TINASHE KAIRIZA/CHIEDZA KOWO
ALTHOUGH President Emmerson Mnangagwa this week announced Level 4 lockdown restrictions to curb the spread of Covid-19, but glaring violations of regulations by top government officials, including himself, and a sluggish vaccination drive could derail efforts to contain the deadly pandemic which has claimed 1 749 lives in Zimbabwe as of Wednesday.
With Zimbabwe’s Covid-19 cases and fatalities rising sharply, Mnangagwa imposed a Level 4 lockdown for the next two weeks to contain the pandemic that has claimed millions across the globe and devastated the global economy.
Owing to spiking infection cases and deaths, the government has been compelled to impose localised lockdowns in Kwekwe, Hurungwe, Karoi, Kariba and sections of Bulawayo, among others.
Zimbabwe, under the throes of a deadly third wave of the virulent disease, recorded over 74 000 active cases, amid a slow pace in vaccinating the population to achieve herd immunity.
Nearly 780 000 people have so far been inoculated against a target of 10 million to achieve an immunised population.
Under terms of Level 4 lockdown, intercity movement is suspended; industries will decongest their staff complement by 40% while business operating hours have been reduced. This will be coupled by a vigorous awareness drive by legislators and ministers to encourage citizens to observe the World Health Organisation (WHO) Covid-19 regulations and volunteer to be vaccinated as Zimbabwe hurtles towards achieving herd immunity.
Mnangagwa’s latest restrictions are commendable but his multiple address to public gatherings as well as top government officials have been criticised as potential super spreader events of the deadly pandemic.
Prior to announcement of the latest restrictions, Mnangagwa, accompanied by a strong delegation of four cabinet ministers and top government officials officiated at the Cultural Week festivities held at Chief Njelele’s homestead in Gokwe May 21.
The event, which was also marked across all the country’s 10 provinces, drew scores of villagers, in total disregard of social distancing. Some of the members who attended the events were not wearing masks, in line with WHO safety regulations.
The following day, he attended the memorial service of the late Agriculture minister Perrance Shiri in Chikomba district, where a sizeable group of people attended.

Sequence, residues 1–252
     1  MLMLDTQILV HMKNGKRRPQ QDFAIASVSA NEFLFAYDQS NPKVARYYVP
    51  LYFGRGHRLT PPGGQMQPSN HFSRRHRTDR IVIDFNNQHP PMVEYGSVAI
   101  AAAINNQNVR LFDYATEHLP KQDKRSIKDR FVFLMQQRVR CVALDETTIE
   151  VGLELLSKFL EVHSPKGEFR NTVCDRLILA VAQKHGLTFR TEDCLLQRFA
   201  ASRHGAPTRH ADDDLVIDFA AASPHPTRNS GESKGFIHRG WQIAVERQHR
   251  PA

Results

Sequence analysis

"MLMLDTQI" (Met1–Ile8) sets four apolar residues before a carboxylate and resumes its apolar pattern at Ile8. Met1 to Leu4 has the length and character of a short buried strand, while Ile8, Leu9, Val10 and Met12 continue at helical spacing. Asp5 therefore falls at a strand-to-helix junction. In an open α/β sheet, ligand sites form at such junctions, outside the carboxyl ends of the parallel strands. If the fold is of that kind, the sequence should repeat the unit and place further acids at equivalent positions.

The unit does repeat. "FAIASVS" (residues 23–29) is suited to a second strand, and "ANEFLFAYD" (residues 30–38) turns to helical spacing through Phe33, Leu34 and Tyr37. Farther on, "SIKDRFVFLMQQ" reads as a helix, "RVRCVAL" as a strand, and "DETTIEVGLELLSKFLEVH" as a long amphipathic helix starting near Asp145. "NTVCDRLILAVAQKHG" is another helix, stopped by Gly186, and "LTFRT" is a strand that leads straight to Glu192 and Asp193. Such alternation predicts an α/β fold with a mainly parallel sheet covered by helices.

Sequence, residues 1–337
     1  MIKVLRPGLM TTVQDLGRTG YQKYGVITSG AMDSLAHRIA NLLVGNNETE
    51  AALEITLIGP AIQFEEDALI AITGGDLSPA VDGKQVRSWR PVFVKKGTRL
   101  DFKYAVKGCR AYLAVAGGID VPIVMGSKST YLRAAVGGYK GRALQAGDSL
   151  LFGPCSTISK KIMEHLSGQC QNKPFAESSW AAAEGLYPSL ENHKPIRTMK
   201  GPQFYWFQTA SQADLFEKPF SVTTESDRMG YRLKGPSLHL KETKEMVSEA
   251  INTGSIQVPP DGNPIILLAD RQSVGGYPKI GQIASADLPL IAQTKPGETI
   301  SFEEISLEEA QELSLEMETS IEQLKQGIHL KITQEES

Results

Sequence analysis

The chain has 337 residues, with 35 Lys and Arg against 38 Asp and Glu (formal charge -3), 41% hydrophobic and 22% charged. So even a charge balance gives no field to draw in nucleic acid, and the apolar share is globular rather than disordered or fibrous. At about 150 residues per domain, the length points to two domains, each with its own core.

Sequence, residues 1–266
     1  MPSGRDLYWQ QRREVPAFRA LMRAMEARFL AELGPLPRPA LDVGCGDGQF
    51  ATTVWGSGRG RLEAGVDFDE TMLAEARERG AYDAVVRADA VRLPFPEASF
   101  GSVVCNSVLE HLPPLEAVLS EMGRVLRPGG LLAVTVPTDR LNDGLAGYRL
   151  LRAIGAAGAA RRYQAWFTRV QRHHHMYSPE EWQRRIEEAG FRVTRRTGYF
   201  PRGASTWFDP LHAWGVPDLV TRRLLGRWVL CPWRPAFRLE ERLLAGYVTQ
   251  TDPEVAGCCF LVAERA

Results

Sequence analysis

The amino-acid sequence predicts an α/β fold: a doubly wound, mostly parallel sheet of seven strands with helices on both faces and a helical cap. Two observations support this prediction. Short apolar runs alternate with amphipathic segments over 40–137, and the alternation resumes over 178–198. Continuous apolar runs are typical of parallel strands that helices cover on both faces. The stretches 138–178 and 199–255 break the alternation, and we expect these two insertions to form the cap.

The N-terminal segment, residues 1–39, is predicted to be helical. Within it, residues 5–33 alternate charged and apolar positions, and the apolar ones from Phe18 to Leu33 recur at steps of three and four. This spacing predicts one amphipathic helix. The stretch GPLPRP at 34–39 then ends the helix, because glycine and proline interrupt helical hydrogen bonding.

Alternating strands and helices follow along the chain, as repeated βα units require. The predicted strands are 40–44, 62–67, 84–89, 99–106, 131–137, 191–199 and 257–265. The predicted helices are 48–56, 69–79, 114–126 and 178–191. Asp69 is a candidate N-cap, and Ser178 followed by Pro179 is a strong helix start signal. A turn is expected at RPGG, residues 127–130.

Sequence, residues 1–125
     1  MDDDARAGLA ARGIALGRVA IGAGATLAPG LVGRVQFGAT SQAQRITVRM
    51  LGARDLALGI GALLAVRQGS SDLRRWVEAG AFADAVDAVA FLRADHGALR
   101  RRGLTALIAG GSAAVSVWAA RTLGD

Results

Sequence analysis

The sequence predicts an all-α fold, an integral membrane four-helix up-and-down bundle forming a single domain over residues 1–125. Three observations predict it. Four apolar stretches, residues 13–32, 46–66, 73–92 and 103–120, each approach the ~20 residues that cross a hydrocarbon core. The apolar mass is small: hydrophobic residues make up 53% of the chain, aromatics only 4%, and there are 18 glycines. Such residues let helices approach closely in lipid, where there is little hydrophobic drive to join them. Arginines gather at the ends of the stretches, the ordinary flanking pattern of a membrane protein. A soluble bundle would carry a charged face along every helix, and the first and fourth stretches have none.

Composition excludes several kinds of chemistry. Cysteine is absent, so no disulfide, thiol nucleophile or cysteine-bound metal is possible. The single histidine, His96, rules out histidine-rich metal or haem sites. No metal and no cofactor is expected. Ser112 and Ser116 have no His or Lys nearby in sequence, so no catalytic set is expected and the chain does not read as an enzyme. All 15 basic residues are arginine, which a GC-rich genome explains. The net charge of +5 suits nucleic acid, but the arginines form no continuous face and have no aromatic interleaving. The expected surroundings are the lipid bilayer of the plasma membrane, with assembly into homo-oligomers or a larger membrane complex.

Four days later, Mnangagwa, whose cabinet has lost four ministers to Covid-19, unveiled the statue of Mbuya Nehanda in the capital before a crowd which did not strictly adhere to WHO regulations, particularly relating to social distancing.
Last Saturday, Mnangagwa officiated at the graduation of 1 200 prison officers in Ntabazinduna near Bulawayo despite a government ban on all gatherings except funerals. Under the Covid-19 safety protocols, the government has limited the number of mourners at funerals to 50.
At the event, he freely mingled with the graduates without wearing a mask and in defiance of social distancing rules, exposing the futility of his administration’s measures to contain the pandemic.
While Mnangagwa alongside government officials have been addressing huge gatherings in defiance of Covid-19 safety protocols, opposition activists namely Joanah Mamombe, Cecilia Chimbiri, Netsai Marova and Fadzayi Mahere have been arrested for defying the same regulations.
This has sparked an outrage, with Mnangagwa’s administration being criticised for weaponising Covid-19 to thwart dissent.
Not to be outdone, First Lady Auxillia Mnangagwa, has also been on a nationwide crusade where she has addressed sizeable crowds in defiance of safety regulations.
In recent times, she has held fasting and prayer meetings.
In the face of the blatant violations of Covid-19 regulations by Mnangagwa and members of his administration, the government has also been criticised for not fully equipping frontline workers with Personal Protective Equipment (PPE).
Frontline staff workers have reportedly gone for months on end without receiving United States-dollar Covid-19 allowances, dampening the morale of those leading the fight against the pandemic.
Medical and Dental Private Practitioners of Zimbabwe Association president Johannes Marisa noted that the defiance of Covid-19 safety protocols by top government officials would derail the fight against the pandemic.
“If what I’m hearing is correct, then it means we have a glaring breach of Covid-19 guidelines by government officials. I understand there were some gatherings by politicians. We do not like such gatherings at this juncture where the nation is struggling to contain Covid-19,” Marisa said. “What we need to do if we are to have a better picture of what is happening on the ground is to scale up our testing. Testing is very important at the moment.”
Zimbabwe Nurses Association president Enoch Dongo implored authorities to invest toward the procurement of medicines and equipment.
“By imposing the lockdown, it means the government is doing its best in assuring people’s safety,” he said.
“What the government is lacking is equipment. There is no appropriate medication if one needs to be treated for Covid-19. There are no ventilators even the front-line staff members are not fully equipped.”
Key towards containing the spread of the disease is to enforce regulations, particularly in high-density suburbs and informal settlements where revellers are embarking on night-long drinking sprees without adhering to social distancing and putting on masks.
Without government leaders taking the lead to adhere to safety protocols, efforts to contain the scourge of Covid-19 will be in vain.